U.S. Water News Online
ROME, Ga. -- Researchers say the levels of phosphorous in
Georgia's waterways are reaching an alarming level, and they blame
the pollution on the growing amount of poultry waste dumped in
Poultry waste is a byproduct of a dominating industry in rural
north Georgia, and -- to a lesser extent -- the southeastern corner
of the state below Interstate 16.
Along with the sprawl of metro Atlanta into rural counties, there
is far less land available for waste disposal. Runoff from farmland
laden with chicken manure has been linked to high concentration of
phosphorous in waterways, including the Coosa River in northwest
Georgia's Floyd County and the Canoochee River, which runs through
Linda Burkhalter remembers how she used to play in the Canoochee
with her sisters 50 years ago, when the water was cleaner. A few
years ago, she stopped visiting the algae-choked river, which runs
four miles downstream from the Claxton Poultry Company poultry plant.
``You could not see the river from one bank to the other,'' she
said. ``And it had a nasty smell.''
Claxton has settled a lawsuit filed by Burkhalter, and a portion
of the money went to create Canoochee Riverkeeper, and environmental
In Rome, where the Coosa narrows, taxpayers are left footing the
bill for cleaning their river that's saturated in algae and sediment.
``There's been thousands of dollars spent to deal with extra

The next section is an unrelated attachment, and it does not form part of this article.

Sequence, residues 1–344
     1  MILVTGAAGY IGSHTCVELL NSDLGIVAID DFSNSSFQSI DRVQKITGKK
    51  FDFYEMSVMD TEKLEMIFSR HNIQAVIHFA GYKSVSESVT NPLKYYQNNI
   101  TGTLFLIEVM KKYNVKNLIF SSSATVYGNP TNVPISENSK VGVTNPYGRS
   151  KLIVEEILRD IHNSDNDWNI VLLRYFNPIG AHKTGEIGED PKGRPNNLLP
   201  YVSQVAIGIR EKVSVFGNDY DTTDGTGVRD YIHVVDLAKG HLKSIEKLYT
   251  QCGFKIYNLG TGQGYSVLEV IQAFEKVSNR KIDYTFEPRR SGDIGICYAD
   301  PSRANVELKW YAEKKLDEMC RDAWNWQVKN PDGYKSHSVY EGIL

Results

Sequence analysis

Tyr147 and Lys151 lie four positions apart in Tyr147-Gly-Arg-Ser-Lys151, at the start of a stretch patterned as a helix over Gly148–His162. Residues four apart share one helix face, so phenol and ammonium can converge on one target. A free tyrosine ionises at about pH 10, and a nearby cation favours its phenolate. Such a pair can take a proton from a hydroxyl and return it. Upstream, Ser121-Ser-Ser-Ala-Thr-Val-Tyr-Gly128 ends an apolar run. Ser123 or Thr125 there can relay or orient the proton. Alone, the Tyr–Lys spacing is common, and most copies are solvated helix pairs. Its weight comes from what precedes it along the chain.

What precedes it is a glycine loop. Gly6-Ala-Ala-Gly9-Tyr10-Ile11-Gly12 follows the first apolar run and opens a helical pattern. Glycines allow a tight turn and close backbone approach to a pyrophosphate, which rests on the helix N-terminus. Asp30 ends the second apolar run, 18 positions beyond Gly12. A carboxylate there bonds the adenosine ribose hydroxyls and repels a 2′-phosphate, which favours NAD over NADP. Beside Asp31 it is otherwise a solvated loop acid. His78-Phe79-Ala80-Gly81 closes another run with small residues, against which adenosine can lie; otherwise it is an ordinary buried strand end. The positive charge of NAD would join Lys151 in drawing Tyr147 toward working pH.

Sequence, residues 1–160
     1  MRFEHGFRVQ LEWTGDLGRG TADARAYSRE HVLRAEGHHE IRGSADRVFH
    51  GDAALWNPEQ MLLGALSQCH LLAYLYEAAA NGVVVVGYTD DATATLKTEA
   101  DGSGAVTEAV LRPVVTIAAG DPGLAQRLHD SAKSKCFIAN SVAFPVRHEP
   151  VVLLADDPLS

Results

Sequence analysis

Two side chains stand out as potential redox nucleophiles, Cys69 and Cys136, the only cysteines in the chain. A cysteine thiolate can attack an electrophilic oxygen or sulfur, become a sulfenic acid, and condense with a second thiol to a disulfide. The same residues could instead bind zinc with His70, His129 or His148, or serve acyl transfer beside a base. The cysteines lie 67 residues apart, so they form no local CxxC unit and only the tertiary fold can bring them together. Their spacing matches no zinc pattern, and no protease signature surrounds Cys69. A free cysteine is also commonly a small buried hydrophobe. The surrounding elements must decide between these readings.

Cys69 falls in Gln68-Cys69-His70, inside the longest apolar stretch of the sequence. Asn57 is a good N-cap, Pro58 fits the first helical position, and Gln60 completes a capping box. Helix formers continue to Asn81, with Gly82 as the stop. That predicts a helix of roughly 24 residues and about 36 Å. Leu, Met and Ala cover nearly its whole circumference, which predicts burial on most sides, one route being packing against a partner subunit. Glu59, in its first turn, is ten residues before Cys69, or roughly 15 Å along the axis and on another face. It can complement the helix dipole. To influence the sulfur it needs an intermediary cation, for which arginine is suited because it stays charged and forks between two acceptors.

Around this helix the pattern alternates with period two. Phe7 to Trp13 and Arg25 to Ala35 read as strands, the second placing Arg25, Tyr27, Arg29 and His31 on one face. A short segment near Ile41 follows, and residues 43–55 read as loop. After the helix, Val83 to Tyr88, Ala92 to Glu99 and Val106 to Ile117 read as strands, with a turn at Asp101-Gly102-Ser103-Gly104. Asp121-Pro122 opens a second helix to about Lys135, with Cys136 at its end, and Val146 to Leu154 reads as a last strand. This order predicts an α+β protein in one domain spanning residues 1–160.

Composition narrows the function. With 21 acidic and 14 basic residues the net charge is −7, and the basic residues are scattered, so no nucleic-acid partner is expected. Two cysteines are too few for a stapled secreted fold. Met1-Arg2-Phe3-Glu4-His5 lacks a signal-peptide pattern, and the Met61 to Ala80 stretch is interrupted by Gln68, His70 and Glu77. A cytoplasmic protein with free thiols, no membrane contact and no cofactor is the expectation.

algae,'' said Mitch Lawson, the executive director of the Coosa River
Basin Initiative, an environmental group.
Early in 2001, the state Board of Natural Resources set stricter
standards for waste lagoons at medium and large egg farms, which use
``wet-waste'' disposal systems. But the rules exempted Georgia's
roughly 3,700 farms that raise broilers because their waste is dry,
which is used as a nitrogen-rich grass fertilizer.
This week, the board is considering a proposal that would require
permits for the 500 largest broiler farms, but environmentalists say
that won't be enough to offset the pollution.
``If you drive around southeastern Georgia, most of the farms have
three, maybe four chicken houses,'' said Chandra Brown, executive
director of the Canoochee Riverkeeper. ``These medium farms are going
to be exempt from any regulation. They should have to have a plan for
disposing of their (waste).''
Officials at the Environmental Protection Division say because of
the additional workload, the state can't afford to expand the
proposed regulation beyond the broiler farms.
Poultry plant representatives say regulating dry poultry waste is
unnecessary because voluntary efforts to manage waste disposal have
About 85 percent of the state's chicken farms have
``nutrient-management plans'' that were developed in the 1990s, said
Abit Massey, the executive director of the Gainesville-based Georgia
``They are site-specific,'' Massey said. ``What may be appropriate
on one farm may not be appropriate for another in the same county.''
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